What if happiness is impossible? What if “men are always discontented because they are always unhappy?” What if, in their hearts, “they feel and they are well aware that they are unhappy, that they suffer, that they do not find enjoyment, and in that they are not wrong?” What if this unhappiness is increased by the fact that men “think they have the right to be happy, to enjoy life, not to suffer, and in that too they would not be wrong, if it were not for the fact that what they expect is, if nothing else, impossible?”
Zibaldone by Giacomo Leopardi. 2,592 pages. Farrar, Straus and Giroux. $75.
Hard thoughts, especially for those of us who live in a country that declared, in one of its founding documents, that the pursuit of happiness is an inalienable right.
“If you cannot bear the silence and the darkness,” Loren Eiseley warned, “do not go there; if you dislike black night and yawning chasms, never make them your profession. If you fear the sound of water hurrying through crevices toward unknown and mysterious destinations, do not consider it. Seek out the sunshine. It is a simple prescription. Avoid the darkness.”
“It is a simple prescription,” Eiseley said to us, “but you will not follow it. You will turn immediately to the darkness. You will be drawn to it by cords of fear and longing. You will imagine that you are tired of the sunlight; the waters that unnerve you will tug in the ancient recesses of your mind; the midnight will seem restful – you will end by going down.”
Miguel de Unamuno’s earliest memory was of a bomb landing on the roof of his neighbor’s house during Spain’s final Carlist War. The philosopher and poet was born in conflict. Unamuno was a Spanish patriot and one of its most outspoken critics; a Basque who was also a Spaniard; a child who wanted to be a Catholic saint; a philosopher who was suspicious of philosophy.
Miguel de Unamuno woke one night in 1897, tormented by dreams of falling into nothingness. Just a few months earlier, Unamuno’s infant son Raimundo had contracted meningitis. Raimundo’s illness disabled him physically and mentally. He was not expected to live long. Miguel de Unamuno believed that this tragedy was his fault, divine punishment for turning away from his childhood faith and embracing scientific rationalism. That night in 1897, Unamuno’s wife Concha found her husband sobbing. She held him and called out, “My child!” Years later,… More…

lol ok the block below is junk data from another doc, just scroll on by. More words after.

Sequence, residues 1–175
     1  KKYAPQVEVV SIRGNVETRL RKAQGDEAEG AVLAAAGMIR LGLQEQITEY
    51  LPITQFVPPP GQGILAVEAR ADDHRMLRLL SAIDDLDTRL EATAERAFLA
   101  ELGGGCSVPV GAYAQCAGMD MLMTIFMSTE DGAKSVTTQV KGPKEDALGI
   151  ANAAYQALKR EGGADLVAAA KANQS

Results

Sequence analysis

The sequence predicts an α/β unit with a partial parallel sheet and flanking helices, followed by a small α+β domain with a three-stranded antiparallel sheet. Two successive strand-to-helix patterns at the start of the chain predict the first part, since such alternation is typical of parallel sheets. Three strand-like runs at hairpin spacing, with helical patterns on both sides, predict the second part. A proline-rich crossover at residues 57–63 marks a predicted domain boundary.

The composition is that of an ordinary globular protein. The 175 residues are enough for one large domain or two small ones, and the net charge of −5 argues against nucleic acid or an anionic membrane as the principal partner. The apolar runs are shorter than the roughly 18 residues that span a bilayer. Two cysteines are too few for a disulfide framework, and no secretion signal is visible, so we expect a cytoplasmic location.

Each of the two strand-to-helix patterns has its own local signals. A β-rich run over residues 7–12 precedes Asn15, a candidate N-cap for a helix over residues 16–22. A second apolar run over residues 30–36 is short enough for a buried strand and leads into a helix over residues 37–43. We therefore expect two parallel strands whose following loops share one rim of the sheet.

We know him not at all, and yet completely. That has always been the paradox of William Shakespeare. The characters he created in his plays have worked their way into the collective DNA of the English-speaking world, of Western culture broadly considered, and of world culture through Western culture. The language of Shakespeare — that unique and startling way he had of phrasing things–has become the common currency of thinking, acting, being. But we don’t know much about his life. We know the basic details: born in Stratford-upon-Avon in 1564, married Anne Hathaway in 1582, died in 1616. Beyond that, he is a mystery. We don’t have any information that explains how he could have had such an immense and lasting influence, an influence that only seems to grow, century after century. When you reflect on it for a moment, it doesn’t seem possible that one person could have created… More…
Say what you like about Israelis, they know how to play the game. I’m speaking of the humanity game. It’s a game with specific rules and expectations in Western civilization. Its centerpiece, the very core of the game, is self-reflection. Demonstrating your humanity (since the Enlightenment, at least, but the roots go back to the beginning) is less about doing and more about reflecting on what you’ve done. The basic formula is already there at the Delphic Oracle: Know thyself. The trick of it, the reason that the humanity game is hard to play, is that the quest for self-knowledge does not lead to clarity, but down ever deeper into the muck. Knowledge, in the Western tradition, is very much about its limits. Knowing ourselves is thus partly about knowing the infinity of an enigma.
Ari Folman’s Waltz… More…